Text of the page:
“The fool doth think he is wise, but the wise man knows himself to be a fool.”It happens every year. It’s the beginning round tryouts on the talent show American Idol, and a man confidently takes the stage, sparks in his eyes. He thinks he’s destined for greatness, this is his moment. The music starts, and with anticipation quaking, he smiles full of composure, and boldly unleashes — a cracked and cringe-worthy voice! Clearly, he can’t carry a tune if his life depended on it.
Four days after winning $25,000 toward her West Side small business in 43North’s THE PITCH competition, Phylicia Dove still hadn’t quite soaked it all in. Dove, owner of Black Monarchy on West Utica Street, was named the $15,000 first-place winner in the Main Street category of the event Thursday, Sept. 28, at the Buffalo Museum of Science.
SWANTON — Most know Taylor Coppenrath as the former University of Vermont basketball star who helped lead a scrappy 13-seed over national powerhouse Syracuse in the first round of the 2005 NCAA tournament. After a 10-year career playing ball in Europe, the 35-year-old has taken on a task almost as challenging as knocking off a 4-seed: turning around a struggling Missisquoi Valley Union (MVU) girls basketball program whose last win came in 2015.
Muck Rack makes it simple to find people, tweets, or articles that mention any name, keyword, company, hashtag etc. We've compiled this guide to help you make the most of your search.
Selecting a term
Start searching tweets, articles from media outlets, articles mentioned in tweets, journalists'
names, titles and bios with some suggested searches:
Companies or Topics (e.g. iPhone, Microsoft)
Phrases (e.g. "cloud computing") — use quotes to keep the terms together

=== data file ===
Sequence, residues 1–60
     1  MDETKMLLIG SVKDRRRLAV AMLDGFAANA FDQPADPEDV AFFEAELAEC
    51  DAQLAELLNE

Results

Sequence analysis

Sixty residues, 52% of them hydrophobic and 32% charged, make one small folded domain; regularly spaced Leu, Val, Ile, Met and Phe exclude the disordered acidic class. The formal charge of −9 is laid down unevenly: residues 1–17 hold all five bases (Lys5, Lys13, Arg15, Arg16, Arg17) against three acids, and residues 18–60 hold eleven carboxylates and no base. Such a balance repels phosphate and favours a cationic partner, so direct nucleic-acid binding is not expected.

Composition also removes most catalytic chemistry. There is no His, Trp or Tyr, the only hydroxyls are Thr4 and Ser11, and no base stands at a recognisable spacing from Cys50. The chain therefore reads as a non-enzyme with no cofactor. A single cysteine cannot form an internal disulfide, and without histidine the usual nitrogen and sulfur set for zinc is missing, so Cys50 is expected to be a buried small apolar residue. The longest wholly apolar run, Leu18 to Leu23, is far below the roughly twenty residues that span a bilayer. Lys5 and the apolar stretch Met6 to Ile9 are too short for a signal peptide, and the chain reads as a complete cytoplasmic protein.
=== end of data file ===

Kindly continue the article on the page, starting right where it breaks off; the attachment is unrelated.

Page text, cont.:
Twitter handles (e.g. @username) — returns those who have mentioned or replied to
Names (e.g. "David Pogue")
Hashtags (e.g. #sxsw, #london2012)
Bio details (e.g. vegan, Olympics, father)
Muck Rack's Advanced Search allows for many boolean operators.
Find results that mention multiple specified terms, use AND or
+. For example, ensure each result contains both Elon Musk and Mark Zuckerberg by
searching Musk AND Zuckerberg or Musk + Zuckerberg.
Use the operators OR or , to broaden your search when you'd like either of
multiple terms to appear in results. (This is the default behavior of our search when no operators
are used). For example, results will contain either cake or cookie by searching cake OR cookie or cake,cookie
Use NOT or - to subtract results from your search. For
example, searching Disney will yield results about the Walt Disney Company as well as Walt Disney
World Resort. To exclude mentions of Disney World, search for Disney -World or Disney
When using one of these operators with a phrase, enclose it in quotation marks. For example, you can
find results about smartphones excluding Apple's iPhone 4S by searching smartphone -"iPhone
Exact case matching or punctuation
If you're searching for a brand name or keyword that relies on specific punctuation marks or capitalization, you can
find results that match your exact query by adding matchcase: before the keyword you're searching for, like matchcase:E*TRADE .
Use parentheses to separate multiple
boolean phrases. For example, to find journalists talking about having fun in Disney World or
Disneyland, search for ("disney world" OR disneyland) AND fun.
An asterisk can be used to search for any variation of a root word truncated by the asterisk. For example, searching for admin* will return results for administrator, administration, administer, administered, etc.
A near operator is an AND operator where you can control the distance between the words. You can vary the distance the near operation uses by adding a forward slash and number (between 0-99) such as strawberries NEAR/10 "whipped cream", which means the strawberries must exist within 10 words of "whipped cream".